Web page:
How to format your references using the Hypotheses in the Life Sciences citation style

This is a short guide how to format citations and the bibliography in a manuscript for Hypotheses in the Life Sciences. For a complete guide how to prepare your manuscript refer to the journal's instructions to authors.

Using reference management software

Typically you don't format your citations and bibliography by hand. The easiest way is to use a reference manager:

PaperpileThe citation style is built in and you can choose it in Settings > Citation Style or Paperpile > Citation Style in Google Docs.
EndNoteFind the style here: output styles overview
Mendeley, Zotero, Papers, and othersThe style is either built in or you can download a CSL file that is supported by most references management programs.
BibTeXBibTeX syles are usually part of a LaTeX template. Check the instructions to authors if the publisher offers a LaTeX template for this journal.

Journal articles

Those examples are references to articles in scholarly journals and how they are supposed to appear in your bibliography.

Not all journals organize their published articles in volumes and issues, so these fields are optional. Some electronic journals do not provide a page range, but instead list an article identifier. In a case like this it's safe to use the article identifier instead of the page range.

A journal article with 1 author
[1]
Haile-Selassie Y. Late Miocene hominids from the Middle Awash, Ethiopia. Nature, (2001) 412(6843), 178–181.
A journal article with 2 authors
[1]
Ponce de León MS, Zollikofer CP. Neanderthal cranial ontogeny and its implications for late hominid diversity. Nature, (2001) 412(6846), 534–538.
A journal article with 3 authors
[1]
Wood BJ, Walter MJ, Wade J. Accretion of the Earth and segregation of its core. Nature, (2006) 441(7095), 825–833.
A journal article with 10 or more authors
[1]
Oganov AR, Chen J, Gatti C, et al. Ionic high-pressure form of elemental boron. Nature, (2009) 460(7252), 292.

Books and book chapters

Here are examples of references for authored and edited books as well as book chapters.

An authored book
[1]
Al-Shuhail AA, Al-Dossary SA, Mousa WA. Seismic Data Interpretation using Digital Image Processing. Chichester, UK: John Wiley & Sons, Ltd; 2017.
An edited book
[1]
Tan A-G, Perleth C, editors. Creativity, Culture, and Development. 1st ed. 2015. Singapore: Springer; 2015.
A chapter in an edited book
[1]
Saito H. Mast Cells. In: Önerci TM, editor. Nasal Physiology and Pathophysiology of Nasal Disorders. Berlin, Heidelberg: Springer; 2013. p. 69–75.

Web sites

Sometimes references to web sites should appear directly in the text rather than in the bibliography. Refer to the Instructions to authors for Hypotheses in the Life Sciences.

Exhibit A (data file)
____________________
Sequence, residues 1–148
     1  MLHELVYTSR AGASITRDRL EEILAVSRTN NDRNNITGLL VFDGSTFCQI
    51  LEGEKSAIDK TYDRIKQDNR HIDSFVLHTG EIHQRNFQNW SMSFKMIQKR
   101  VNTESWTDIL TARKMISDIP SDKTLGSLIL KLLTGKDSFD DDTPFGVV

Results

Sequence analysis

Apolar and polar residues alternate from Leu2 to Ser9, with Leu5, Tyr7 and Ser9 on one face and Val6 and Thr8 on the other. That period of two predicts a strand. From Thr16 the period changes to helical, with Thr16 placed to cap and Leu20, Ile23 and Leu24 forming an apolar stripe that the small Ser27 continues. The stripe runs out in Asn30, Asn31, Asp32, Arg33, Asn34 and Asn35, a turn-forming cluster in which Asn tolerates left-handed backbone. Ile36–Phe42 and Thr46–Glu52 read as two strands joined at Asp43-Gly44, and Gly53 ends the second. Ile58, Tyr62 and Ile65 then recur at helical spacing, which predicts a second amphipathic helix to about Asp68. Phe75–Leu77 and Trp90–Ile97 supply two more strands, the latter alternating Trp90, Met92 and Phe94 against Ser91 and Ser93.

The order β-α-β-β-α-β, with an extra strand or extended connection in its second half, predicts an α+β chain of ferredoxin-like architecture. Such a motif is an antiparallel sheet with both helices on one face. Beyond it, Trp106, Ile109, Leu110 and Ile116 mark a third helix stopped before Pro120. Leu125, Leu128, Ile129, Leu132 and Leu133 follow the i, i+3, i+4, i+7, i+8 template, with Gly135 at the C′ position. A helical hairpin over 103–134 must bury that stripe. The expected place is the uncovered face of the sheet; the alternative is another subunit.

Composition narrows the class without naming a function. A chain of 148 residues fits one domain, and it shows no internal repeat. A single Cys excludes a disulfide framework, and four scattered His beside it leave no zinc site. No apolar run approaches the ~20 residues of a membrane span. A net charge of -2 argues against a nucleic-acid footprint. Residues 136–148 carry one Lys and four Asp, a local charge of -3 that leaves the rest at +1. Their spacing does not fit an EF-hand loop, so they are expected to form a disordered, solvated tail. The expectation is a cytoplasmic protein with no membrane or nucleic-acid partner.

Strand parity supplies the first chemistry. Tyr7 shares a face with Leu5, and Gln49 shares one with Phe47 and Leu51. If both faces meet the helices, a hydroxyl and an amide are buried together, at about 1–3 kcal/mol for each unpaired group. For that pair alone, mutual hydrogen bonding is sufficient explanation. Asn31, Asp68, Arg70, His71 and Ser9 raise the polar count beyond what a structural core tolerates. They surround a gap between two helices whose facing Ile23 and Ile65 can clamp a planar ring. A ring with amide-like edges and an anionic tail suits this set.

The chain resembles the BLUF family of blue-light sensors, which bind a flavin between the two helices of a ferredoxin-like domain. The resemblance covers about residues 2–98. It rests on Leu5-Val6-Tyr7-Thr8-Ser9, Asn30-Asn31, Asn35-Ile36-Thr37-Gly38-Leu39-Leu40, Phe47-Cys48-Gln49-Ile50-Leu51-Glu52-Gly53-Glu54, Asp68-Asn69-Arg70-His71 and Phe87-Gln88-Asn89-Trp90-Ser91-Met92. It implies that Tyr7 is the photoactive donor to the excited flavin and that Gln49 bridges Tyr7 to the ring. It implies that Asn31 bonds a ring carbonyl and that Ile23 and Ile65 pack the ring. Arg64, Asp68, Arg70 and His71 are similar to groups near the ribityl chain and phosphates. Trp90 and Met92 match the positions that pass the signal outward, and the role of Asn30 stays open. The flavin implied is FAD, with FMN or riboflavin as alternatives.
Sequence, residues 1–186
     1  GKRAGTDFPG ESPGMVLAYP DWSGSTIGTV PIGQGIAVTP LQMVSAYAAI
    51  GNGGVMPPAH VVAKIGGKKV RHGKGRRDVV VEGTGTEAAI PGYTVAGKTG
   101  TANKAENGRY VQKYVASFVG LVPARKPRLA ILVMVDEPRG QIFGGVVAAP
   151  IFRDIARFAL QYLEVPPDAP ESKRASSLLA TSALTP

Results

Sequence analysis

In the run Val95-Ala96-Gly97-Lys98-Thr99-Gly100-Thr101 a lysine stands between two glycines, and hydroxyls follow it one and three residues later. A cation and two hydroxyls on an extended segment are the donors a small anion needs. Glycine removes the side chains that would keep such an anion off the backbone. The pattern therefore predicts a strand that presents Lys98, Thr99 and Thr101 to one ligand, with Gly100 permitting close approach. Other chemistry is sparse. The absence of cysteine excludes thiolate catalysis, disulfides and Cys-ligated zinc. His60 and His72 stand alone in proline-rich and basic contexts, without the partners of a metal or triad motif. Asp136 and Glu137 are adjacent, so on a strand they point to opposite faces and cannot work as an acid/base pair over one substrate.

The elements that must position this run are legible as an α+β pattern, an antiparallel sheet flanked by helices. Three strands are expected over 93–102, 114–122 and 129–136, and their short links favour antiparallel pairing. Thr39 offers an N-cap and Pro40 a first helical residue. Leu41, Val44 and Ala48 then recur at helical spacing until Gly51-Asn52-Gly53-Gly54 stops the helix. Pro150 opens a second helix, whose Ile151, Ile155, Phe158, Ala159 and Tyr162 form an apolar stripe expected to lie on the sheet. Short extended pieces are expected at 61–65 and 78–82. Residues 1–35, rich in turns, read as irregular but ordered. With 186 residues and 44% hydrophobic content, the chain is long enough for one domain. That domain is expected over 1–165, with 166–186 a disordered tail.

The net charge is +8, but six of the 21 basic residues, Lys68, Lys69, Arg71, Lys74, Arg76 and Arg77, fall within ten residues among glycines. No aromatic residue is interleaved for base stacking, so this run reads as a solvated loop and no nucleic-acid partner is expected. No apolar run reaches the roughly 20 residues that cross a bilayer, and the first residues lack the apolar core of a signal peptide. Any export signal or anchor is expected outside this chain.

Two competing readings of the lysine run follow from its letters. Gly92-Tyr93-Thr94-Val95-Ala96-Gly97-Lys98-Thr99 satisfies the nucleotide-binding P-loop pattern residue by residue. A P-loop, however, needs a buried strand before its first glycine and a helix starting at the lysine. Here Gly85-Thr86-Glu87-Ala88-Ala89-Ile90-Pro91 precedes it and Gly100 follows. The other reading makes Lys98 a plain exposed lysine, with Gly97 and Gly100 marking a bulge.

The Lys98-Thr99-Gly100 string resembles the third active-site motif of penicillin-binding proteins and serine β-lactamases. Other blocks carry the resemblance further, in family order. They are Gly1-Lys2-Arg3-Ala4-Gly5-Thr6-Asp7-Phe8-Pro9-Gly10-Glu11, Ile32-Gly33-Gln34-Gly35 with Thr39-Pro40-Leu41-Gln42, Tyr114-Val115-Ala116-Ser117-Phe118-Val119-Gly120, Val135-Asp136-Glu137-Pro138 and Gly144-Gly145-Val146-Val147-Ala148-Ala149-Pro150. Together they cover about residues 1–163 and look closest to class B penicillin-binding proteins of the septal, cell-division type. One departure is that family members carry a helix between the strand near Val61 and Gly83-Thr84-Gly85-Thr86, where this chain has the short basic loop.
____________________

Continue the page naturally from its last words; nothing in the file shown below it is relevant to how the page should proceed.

Blog post
[1]
Andrew D. New Footage Surfaces Of One Of The Largest Great White Sharks Ever Recorded [Internet]. IFLScience(2015) [cited 2018 Oct 30] Available from: https://www.iflscience.com/plants-and-animals/deep-blue-20-foot-great-white-surfaces-again/

Reports

This example shows the general structure used for government reports, technical reports, and scientific reports. If you can't locate the report number then it might be better to cite the report as a book. For reports it is usually not individual people that are credited as authors, but a governmental department or agency like "U. S. Food and Drug Administration" or "National Cancer Institute".

Government report
[1]
Government Accountability Office. Student Aid Information and Private Tuition-Guarantee Programs. Washington, DC: U.S. Government Printing Office; 1991.

Theses and dissertations

Theses including Ph.D. dissertations, Master's theses or Bachelor theses follow the basic format outlined below.

Doctoral dissertation
[1]
Abraham SR. Using Self-Monitoring and Goal Setting to Increase Swimming in Adults. (2015)

News paper articles

Unlike scholarly journals, news papers do not usually have a volume and issue number. Instead, the full date and page number is required for a correct reference.

New York Times article
[1]
Billard M. The Shopping Urge Can Hit Anytime. New York Times(2010) , E5.

In-text citations

References should be cited in the text by sequential numbers in square brackets:

This sentence cites one reference [1].
This sentence cites two references [1,2].
This sentence cites four references [1–4].

About the journal

Full journal titleHypotheses in the Life Sciences
ISSN (print)2042-8960
Scope

Other styles